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Is Keeping Your "Classic" Version a Necessity?

Launching a site quickly around an idea to claim a first mover advantage is rapidly becoming a mantra for new Web 2.0 startup sites.  As new social networks and other types social media tools on websites pop up – many are simply exploring an idea quickly to see if it sticks, and aiming to put in more work to redesign or add features at a later stage.  Added to this is the large number of sites that have grown their audiences before the rise of Web2.0 competitors (and the increasingly formulaic design of Web 2.0 sites).  The result?  Redesigns are inevitable.  Technorati and Yahoo are just two of the many sites that have gone through recent redesigns to update an interface.  The only problem is, no matter how bad an interface is – once someone starts using it in that form, they are used to it.  The classic example is the keyboard, which was originally designed to slow down typists by placing common keys as far apart as possible.  Of course, people adapted, and every attempt now to replace the QWERTY keyboard has failed, despite the fact that new designs may be superior in every way.  Sometimes what people are used to wins despite every logical reason to switch.

If you put the rising number of sites going through redesigns together with the fact that older users will always have adapted to your old interface – you have the New Coke vs. Coke Classic conundrum.  For most of these sites, the new version sticks around (unlike Coke), however the necessity of keeping your "classic" version will be increasingly common as sites allow their longstanding users to continue using an older version of an interface that they are more comfortable with.  Yahoo has done this very well with their upgrades to Yahoo Mail – I am still running the "classic" version for my personal account.  Technorati has tried to take some steps towards this with https://s.technorati.com, but hasn’t quite succeeded as some features users used to use often seem missing now (even if they are not).  In either case, the real question seems to be how long is reasonable to keep a "classic" version of an interface around.  I’m not talking about the screenshots you can get on the Wayback Machine – but a fully functioning old version of a site.  You certainly don’t want to move ahead into the future updating two versions, and at some point the older version will be out of date.  Is it better, therefore, to just force all users to upgrade and use the new version?  Or should sites follow the old adage of giving their users what they want and avoid the possible fate of New Coke and their new interface being rejected?  As a user or a site creator, what do you think?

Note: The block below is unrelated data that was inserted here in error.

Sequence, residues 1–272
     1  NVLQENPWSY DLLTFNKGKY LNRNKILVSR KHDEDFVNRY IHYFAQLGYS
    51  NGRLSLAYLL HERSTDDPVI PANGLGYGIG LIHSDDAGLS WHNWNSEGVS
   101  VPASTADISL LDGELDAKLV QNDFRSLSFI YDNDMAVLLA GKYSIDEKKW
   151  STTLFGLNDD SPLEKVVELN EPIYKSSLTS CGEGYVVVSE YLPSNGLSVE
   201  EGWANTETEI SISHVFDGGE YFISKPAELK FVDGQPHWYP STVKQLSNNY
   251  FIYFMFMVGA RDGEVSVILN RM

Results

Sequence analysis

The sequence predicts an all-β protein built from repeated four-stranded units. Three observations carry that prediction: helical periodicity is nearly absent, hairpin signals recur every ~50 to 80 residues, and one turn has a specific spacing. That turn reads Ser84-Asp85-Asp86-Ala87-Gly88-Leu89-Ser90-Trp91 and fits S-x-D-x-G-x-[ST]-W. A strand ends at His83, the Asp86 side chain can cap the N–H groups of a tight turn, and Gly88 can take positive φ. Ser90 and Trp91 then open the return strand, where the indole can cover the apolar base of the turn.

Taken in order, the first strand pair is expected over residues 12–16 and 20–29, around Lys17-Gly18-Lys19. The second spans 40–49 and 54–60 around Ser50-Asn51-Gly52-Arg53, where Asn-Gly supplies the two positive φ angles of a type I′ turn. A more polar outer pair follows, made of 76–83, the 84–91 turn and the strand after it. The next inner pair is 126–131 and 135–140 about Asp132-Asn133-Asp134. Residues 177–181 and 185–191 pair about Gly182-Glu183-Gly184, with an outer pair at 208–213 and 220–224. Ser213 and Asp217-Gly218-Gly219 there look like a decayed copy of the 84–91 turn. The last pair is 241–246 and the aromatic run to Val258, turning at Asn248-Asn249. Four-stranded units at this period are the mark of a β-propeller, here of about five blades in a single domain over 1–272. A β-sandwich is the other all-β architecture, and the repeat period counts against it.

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About Rohit

A keynote speaker on trends, innovation, marketing, storytelling and diversity.

Rohit Bhargava is on a mission to inspire more non-obvious thinking in the world. He is the #1 Wall Street Journal and USA Today bestselling author of eight books and is widely considered one of the most entertaining and original speakers on disruption, trends and marketing in the world.

Rohit has been invited to keynote events in 32 countries … and over the past year, given more than 100 virtual talks from his home studio. He previously spent 15 years as a marketing strategist at Ogilvy and Leo Burnett and also teaches marketing and storytelling as an adjunct professor at Georgetown University.

He loves the Olympics, actively hates cauliflower and is a proud dad of boys.

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